Feb 19th 1896
My Dear Kathleen,
We will post our letters so as to reach you before Friday as perhaps letters may not be considered fit meditation for “retreat” and consequently held over if received on that day. We were pleased to have your long letters telling us about your doings and are glad you have managed to get such a good place as second in your form. It will be an inducement to try and go one better.
Arthur writes that he was again top in form and fourth in set. He says it is jolly being top because he escapes call over. We have just been packing his tuck box which I shall dispatch tomorrow so it ought to arrive on 21stas he has been such a good boy. I think he has got an extra special; a cake, two pots of jam, some meat rolls, a lot of mince pies, a small piece of bacon and a good lot of apples. Jack’s old tuck box crammed full. What do you think of that for Lent! In the box besides are a few eggs and the silver stud from you children, “The Three Musketeers” from me and “Twenty Years After” from Mother. Won’t the little man’s eyes sparkle when he opens the box, and I am sure the dimples will show up well.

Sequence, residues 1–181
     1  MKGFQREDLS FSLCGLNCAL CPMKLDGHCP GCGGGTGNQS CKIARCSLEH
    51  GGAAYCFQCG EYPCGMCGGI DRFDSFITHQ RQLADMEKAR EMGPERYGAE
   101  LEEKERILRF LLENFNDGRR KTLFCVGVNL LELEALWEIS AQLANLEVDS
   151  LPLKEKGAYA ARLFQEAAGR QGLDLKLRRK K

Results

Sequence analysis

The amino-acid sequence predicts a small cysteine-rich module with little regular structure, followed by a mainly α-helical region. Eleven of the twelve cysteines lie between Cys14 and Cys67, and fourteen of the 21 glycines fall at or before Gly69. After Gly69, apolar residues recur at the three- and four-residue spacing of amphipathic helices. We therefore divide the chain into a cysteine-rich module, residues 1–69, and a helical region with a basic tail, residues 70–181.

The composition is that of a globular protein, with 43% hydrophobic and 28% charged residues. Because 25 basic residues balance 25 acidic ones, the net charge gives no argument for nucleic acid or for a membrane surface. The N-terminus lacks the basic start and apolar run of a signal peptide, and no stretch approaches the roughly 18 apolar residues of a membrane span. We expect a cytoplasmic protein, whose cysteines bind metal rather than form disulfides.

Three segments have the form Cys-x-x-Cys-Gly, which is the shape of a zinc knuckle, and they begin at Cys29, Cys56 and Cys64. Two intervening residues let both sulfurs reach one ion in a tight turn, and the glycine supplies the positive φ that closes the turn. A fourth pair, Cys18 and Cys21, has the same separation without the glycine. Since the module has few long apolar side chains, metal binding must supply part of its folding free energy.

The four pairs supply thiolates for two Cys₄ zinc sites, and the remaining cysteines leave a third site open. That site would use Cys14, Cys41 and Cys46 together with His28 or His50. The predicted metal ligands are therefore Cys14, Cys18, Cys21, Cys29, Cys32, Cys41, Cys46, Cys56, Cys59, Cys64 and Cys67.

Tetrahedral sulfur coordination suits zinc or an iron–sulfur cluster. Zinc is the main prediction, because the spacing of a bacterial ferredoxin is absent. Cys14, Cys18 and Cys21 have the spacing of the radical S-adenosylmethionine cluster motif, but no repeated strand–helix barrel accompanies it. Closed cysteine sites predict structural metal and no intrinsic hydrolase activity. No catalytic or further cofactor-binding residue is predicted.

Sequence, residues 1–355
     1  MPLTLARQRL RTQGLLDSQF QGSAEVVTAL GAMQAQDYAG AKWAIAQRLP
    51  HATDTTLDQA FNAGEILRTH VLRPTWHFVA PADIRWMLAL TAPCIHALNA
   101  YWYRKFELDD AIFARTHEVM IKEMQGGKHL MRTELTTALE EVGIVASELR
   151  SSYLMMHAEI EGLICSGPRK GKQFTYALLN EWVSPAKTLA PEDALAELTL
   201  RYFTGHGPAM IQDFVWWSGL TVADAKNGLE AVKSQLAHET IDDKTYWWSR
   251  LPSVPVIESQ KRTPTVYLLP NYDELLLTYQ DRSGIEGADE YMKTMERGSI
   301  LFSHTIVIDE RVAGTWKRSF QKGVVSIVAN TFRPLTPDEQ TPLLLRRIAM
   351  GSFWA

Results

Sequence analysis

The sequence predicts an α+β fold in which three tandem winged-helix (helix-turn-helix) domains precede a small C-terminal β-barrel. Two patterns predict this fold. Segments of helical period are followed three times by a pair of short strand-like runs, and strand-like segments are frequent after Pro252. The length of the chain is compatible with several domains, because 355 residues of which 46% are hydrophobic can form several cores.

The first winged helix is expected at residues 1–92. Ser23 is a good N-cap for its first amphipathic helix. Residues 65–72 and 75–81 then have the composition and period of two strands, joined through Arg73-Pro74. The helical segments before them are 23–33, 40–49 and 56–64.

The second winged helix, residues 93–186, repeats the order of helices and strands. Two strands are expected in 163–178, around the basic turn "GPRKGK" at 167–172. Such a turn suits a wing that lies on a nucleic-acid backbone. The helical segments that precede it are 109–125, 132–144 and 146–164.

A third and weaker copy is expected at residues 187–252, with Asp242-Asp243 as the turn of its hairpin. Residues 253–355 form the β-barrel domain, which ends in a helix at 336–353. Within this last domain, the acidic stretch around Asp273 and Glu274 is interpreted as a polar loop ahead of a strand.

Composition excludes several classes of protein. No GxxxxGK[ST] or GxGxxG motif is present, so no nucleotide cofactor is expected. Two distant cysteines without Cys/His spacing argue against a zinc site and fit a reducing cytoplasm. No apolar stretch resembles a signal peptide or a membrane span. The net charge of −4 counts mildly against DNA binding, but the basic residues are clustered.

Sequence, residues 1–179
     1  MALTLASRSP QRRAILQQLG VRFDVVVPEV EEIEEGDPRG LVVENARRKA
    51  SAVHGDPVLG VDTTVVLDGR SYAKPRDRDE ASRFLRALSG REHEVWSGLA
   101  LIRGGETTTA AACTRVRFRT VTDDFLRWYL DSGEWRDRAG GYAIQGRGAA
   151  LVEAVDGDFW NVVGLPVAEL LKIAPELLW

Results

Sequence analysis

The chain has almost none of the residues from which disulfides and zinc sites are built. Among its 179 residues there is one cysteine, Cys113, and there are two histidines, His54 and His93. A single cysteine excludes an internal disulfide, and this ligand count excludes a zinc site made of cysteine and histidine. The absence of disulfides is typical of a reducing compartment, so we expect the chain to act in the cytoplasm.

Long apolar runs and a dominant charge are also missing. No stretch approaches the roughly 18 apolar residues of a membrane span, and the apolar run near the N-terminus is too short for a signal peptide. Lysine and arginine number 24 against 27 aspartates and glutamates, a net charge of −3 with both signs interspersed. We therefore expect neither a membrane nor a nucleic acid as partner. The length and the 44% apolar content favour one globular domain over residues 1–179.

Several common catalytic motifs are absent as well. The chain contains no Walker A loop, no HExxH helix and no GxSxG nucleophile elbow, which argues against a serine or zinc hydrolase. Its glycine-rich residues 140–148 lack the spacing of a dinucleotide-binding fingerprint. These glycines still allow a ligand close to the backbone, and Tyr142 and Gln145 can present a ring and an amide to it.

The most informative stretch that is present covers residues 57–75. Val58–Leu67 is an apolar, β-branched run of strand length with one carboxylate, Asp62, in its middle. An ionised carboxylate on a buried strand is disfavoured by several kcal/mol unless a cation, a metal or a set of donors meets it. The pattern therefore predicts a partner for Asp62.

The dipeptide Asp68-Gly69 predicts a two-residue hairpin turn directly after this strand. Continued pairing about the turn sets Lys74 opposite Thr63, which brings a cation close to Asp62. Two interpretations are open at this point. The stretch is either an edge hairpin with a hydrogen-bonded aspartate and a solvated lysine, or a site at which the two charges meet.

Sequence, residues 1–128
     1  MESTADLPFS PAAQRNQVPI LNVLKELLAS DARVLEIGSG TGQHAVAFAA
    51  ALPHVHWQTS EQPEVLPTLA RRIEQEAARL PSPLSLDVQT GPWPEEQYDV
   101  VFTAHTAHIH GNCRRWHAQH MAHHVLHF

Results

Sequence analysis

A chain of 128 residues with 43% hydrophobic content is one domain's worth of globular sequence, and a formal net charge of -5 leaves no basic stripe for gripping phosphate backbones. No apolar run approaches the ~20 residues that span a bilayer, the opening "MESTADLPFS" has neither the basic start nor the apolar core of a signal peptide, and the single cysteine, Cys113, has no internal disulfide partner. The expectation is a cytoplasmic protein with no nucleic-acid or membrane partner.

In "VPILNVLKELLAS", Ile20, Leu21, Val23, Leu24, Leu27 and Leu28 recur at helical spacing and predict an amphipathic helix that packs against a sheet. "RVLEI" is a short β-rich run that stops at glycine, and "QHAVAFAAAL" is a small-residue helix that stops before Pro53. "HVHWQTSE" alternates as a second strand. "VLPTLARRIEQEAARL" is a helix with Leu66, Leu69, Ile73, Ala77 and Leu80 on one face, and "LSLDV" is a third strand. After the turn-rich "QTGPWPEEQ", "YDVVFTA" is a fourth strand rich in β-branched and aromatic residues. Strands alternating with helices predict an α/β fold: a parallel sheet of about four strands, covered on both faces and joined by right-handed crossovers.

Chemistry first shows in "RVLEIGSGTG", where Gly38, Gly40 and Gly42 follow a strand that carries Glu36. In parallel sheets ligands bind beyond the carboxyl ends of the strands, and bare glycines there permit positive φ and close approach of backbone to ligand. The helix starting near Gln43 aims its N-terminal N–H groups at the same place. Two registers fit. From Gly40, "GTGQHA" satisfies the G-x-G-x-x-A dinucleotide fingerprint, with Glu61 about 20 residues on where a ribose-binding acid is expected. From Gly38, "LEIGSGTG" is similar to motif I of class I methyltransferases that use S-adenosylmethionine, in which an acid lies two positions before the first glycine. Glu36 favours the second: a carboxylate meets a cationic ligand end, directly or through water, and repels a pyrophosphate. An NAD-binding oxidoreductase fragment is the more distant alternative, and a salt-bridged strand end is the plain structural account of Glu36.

I thought you would be much amused by George’s letter. He is starting a “Crystal Palace” box and I have promised an extra half penny a week when he gets no returned lessons during that time. Jack says he may have a week at Easter. I do not know yet if he will come home or go to Folkestone to get the benefit of the sea breeze.
I think we must send you a few more newspaper cuttings to keep you posted up in outside news a little. You will like the Queen’s letter to the nation. It is so nicely written. We have such a cold wind here today; you must try and avoid catching fresh colds. Now is the time of year for good long walks and May must make her longest efforts before it gets really warm. She is quite right to try and see any interesting places she can manage to get to in the neighbourhood. I must leave the rest of the news for Mother and with love to you both.
I remain your affectionate Father,